BOSTON -- It wasn't the Green Monster looming over left field or the Pesky Pole in right that turned out to be the toughest adjustment for the Chicago Cubs in their first visit to Fenway Park since the 1918 World Series.
It was Tim Wakefield's knuckleball.
The 44-year-old Red Sox right-hander held Chicago to four hits in 6 2/3 innings to help Boston beat the Cubs 5-1 on Sunday and send them home from with another lost series. It was Wakefield's first win of the season and the 180th of his Red Sox career -- third on the franchise all-time list behind only Roger Clemens and Cy Young.
"Boy, he was really good," Boston manager Terry Francona said. "I guess it shouldn't amaze me because he's been doing that for such a long time."
Boston took two out of three from Chicago and has now won eight of its last nine overall to all but erase the damage of its awful April and move one-half game behind the New York Yankees and Tampa Bay Rays in the AL East.
Making his third start of the season, this one because of injuries to John Lackey and Daisuke Matsuzaka, Wakefield (1-1) had faced the minimum number of batters when he struck out Jeff Baker with what would have been the third out of the fifth inning.
Baker reached safely when the ball got past catcher Jarrod Saltalamacchia. That was just the third baserunner in the first six innings against Wakefield.
"When you're asked to do a job and you do it well -- I take a lot of pride in that," said Wakefield, who needs 12 more wins to tie Clemens and Young at 192 in a Boston uniform.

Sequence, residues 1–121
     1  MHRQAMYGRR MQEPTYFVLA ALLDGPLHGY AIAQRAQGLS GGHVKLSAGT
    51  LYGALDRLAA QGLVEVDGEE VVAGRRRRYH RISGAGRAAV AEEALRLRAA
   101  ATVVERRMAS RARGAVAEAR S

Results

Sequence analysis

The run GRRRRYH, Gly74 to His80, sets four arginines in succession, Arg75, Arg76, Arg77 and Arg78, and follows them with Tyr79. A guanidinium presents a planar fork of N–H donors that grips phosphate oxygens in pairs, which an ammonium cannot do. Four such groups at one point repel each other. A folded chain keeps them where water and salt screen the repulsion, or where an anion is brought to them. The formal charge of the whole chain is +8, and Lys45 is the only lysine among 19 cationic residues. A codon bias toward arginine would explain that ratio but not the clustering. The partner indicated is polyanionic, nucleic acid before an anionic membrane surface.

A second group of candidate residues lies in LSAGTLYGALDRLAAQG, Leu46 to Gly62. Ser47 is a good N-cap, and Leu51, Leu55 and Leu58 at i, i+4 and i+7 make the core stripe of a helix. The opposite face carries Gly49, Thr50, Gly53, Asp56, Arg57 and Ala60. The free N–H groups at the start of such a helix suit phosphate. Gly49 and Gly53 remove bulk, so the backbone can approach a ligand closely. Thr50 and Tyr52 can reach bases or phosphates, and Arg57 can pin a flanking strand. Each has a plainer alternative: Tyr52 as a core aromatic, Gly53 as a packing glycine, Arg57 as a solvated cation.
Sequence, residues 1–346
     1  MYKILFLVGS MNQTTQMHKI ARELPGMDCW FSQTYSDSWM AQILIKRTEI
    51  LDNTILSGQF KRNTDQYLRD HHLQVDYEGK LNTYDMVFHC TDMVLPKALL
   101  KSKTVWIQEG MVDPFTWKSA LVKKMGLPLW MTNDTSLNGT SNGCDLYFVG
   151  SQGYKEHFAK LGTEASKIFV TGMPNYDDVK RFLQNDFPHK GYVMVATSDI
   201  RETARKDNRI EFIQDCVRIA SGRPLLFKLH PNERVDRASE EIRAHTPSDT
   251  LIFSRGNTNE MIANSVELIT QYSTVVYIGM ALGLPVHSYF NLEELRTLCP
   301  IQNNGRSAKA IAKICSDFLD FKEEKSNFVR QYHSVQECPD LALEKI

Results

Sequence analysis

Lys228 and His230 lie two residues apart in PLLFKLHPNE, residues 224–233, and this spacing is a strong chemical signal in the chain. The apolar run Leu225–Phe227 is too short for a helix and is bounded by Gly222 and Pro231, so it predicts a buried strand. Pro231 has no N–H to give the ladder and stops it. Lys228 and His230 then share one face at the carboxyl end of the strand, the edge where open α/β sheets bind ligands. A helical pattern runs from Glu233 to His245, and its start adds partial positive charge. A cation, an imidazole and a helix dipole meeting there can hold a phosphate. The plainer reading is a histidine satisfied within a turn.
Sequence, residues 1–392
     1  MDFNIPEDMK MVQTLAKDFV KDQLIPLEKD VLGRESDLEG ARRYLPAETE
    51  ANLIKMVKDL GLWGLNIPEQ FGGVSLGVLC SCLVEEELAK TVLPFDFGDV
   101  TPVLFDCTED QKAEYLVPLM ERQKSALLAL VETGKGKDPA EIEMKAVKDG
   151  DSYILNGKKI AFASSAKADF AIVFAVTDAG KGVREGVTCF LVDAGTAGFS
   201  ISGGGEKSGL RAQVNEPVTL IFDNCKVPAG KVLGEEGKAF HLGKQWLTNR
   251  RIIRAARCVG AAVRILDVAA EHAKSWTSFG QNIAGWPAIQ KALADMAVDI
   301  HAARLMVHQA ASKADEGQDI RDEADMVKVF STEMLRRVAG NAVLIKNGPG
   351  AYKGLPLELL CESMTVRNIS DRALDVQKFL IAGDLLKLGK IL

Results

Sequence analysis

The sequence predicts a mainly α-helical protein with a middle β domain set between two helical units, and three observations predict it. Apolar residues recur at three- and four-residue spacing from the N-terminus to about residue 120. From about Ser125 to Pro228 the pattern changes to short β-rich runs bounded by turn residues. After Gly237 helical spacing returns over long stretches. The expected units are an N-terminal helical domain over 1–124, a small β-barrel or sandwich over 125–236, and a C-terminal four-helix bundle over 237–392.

Wakefield gave up a pair of doubles in the seventh for Chicago's only run, struck out three and walked none before leaving with two out in the seventh.
"We just couldn't solve Wakefield," Cubs manager Mike Quade said. "He's been a wonderful guy for this organization for I don't know how many years. I've lost track. He can pitch out of the bullpen almost every day, start. His knuckleball is good; you've got to give him credit. I wish we had not allowed him to have a good night."
Saltalamacchia homered for the third time in the last four games he's played; he had gone 121 at-bats without a homer before that. Gonzalez went 10 for 15 in the series, which brought the Cubs back to Fenway for the first time since they lost the 1918 Series in six games.
The Red Sox went 86 years before winning another title. The Cubs are still waiting for their first World Series championship since 1908.
With Chicago's players popping into the Green Monster's scoreboard like tourists and its fans outcheering the home crowd at times, the Cubs bumbled their way through four errors in the opener. They won Saturday night and leave town after another loss.
Still, with the advent of interleague play, it will be a much shorter wait before they return.
Gonzalez singled to lead off the fourth, Kevin Youkilis walked and David Ortiz singled before back-to-back sacrifice flies by Jed Lowrie and Mike Cameron made it 2-0. Saltalamacchia's leadoff homer made it 3-0 in the fifth.
After Starlin Castro and Baker doubled to make it 3-1 and chase Wakefield in the seventh, Boston scored two more in the bottom half on Youkilis' triple.
Ortiz's 300th home run on Saturday night was caught by CNN anchor John King in the Monster Seats and exchanged for a signed bat. ... Russell had been 0-4 with a 10.05 ERA in his previous four starts this season. ... It was military appreciation night for the Red Sox. Members of the armed services ringed the infield for the national anthem, and Marine Reservist Sergeant Terrence S. Burke, who has a prosthetic leg, ran around the bases before the game and was greeted at home plate by players. ... The Cubs put OF Marlon Byrd on the 15-day DL with multiple fractures in his face on Sunday, a day after he was beaned by Alfredo Aceves. Byrd was released from the hospital and expected to travel back to Chicago with the team. Kerry Wood was warned after hitting Lowrie in the eighth. ... Baker left the game with a groin strain and will be re-evaluated on Tuesday.